Will you deliver your baby early if you have gestational diabetes?
Just like what its name suggests, gestational diabetes mellitus (GDM) is a type of diabetes that only happens during pregnancy. The high levels of various hormones during pregnancy can impair the function of insulin in your body. Since insulin is the hormone that regulates glucose, its inhibition can result to high sugar levels in the body.
There’s a good side and bad side to this condition. The good news is that blood sugar levels usually return to normal after delivery, although the mother becomes at risk for developing Type II diabetes later on. As for the bad news, gestational diabetes can have certain adverse effects on delivery, and that includes premature delivery.
What has GDM got to do with it?
For majority of the women suffering from controlled GDM, there are no problems concerning the health and delivery of the baby. However, if GDM is uncontrolled during pregnancy, this can result to problems for both the mother and the baby, including premature delivery of the latter. There are two common reasons why premature delivery happens for women with GDM, and they are as follows:
- Macrosomia – Macrosomia is a condition in which the baby appears large for its gestational age. This excessive birth weight occurs because of the extra glucose that crosses the placenta from the bloodstream. In this case, the obstetrician might recommend giving birth to the baby through C-section to avoid birth injuries. If the baby continues to grow too large, the doctor might be forced to have the baby delivered prematurely.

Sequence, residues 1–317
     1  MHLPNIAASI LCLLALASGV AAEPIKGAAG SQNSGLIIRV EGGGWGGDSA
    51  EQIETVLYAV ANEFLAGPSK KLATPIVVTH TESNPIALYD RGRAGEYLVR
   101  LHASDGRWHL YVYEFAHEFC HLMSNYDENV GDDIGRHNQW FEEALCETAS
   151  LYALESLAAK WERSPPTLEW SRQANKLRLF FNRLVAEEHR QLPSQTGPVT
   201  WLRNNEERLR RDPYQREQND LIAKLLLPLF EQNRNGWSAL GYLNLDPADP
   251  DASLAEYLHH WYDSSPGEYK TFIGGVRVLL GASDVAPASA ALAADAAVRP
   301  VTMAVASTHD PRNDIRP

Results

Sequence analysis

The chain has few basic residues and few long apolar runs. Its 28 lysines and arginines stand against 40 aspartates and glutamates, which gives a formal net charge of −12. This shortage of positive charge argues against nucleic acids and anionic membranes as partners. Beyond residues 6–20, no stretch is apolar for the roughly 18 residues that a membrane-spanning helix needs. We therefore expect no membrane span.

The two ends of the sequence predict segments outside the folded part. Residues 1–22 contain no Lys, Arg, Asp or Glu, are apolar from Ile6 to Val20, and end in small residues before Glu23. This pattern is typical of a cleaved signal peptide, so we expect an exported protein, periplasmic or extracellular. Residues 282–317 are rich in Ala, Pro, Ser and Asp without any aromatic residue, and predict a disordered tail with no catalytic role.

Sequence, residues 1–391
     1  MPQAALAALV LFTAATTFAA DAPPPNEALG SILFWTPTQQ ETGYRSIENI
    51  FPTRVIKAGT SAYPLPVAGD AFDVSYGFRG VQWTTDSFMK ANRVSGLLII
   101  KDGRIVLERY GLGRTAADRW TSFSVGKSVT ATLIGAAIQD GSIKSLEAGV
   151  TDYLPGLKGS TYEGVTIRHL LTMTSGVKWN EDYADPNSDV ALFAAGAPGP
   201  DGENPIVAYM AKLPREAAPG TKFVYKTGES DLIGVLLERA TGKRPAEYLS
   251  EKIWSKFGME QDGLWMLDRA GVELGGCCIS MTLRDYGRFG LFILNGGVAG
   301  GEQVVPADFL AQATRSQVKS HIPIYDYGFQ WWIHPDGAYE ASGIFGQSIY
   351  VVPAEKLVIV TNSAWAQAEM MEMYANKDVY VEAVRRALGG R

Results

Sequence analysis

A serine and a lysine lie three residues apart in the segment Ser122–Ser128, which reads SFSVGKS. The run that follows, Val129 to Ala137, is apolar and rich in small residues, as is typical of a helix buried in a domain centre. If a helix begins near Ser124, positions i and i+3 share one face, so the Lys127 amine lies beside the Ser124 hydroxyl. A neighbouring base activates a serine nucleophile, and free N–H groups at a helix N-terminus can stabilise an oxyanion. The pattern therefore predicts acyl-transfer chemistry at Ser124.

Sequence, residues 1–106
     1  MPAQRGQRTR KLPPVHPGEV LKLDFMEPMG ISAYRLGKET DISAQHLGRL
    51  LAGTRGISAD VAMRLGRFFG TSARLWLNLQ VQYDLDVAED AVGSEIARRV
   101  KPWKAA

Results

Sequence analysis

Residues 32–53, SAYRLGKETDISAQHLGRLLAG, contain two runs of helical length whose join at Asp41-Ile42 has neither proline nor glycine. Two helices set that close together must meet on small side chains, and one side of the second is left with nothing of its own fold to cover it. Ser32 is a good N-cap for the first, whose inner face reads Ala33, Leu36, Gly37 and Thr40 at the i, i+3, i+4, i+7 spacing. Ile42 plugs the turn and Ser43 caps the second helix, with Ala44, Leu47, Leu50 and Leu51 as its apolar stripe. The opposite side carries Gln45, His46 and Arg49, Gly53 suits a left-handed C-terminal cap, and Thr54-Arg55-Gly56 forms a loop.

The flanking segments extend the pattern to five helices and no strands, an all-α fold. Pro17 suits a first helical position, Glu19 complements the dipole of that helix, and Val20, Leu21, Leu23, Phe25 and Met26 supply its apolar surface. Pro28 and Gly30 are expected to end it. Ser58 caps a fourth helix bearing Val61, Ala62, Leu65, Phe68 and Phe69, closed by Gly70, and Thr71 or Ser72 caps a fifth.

- Pre-eclampsia – High blood during pregnancy is known as pre-eclampsia, and it is a life-threatening condition not just for the mother but also for the baby. Because glucose makes the blood thicker, it can also pave the way for high blood pressure to develop. Continuous hypertension can result to seizures or even stroke, in which cases the baby needs to be born earlier than its term.
Does preterm delivery affect me and my baby?
Although preterm babies beyond seven months are not uncommon, they inarguably become at risk for several conditions, such as the following:
- Acute respiratory distress syndrome (ARDS) – Since the baby’s lungs only reach maturity during term, they may find it difficult to breathe once they are born pre-term. A pre-term baby might need to be taken care of in the NICU and be hooked to a breathing machine.
- Jaundice – The liver of the premature baby is also not yet mature enough to break down bilirubin, hence causing a yellowish discoloration of the skin and even the whites of the eyes. Usually, this is not very alarming or life-threatening, but it would still require careful monitoring.
- Type 2 DM and hypoglycemia – In the womb of a mother with GDM, the baby’s pancreas get used to producing lots of insulin in response to the high level of glucose coming from the mother. When the baby is delivered, it is possible that it might initially suffer from hypoglycemia because of its pancreas’ continuous production of insulin. There is also a possibility that the baby might suffer from Type II diabetes mellitus later on in life.
The key to GDM is to monitor one’s blood sugar during pregnancy to avoid any complications to the mother and the baby. Consult one’s obstetrician so that blood sugar level is controlled. It is also important to watch one’s diet and engage in regular exercise.
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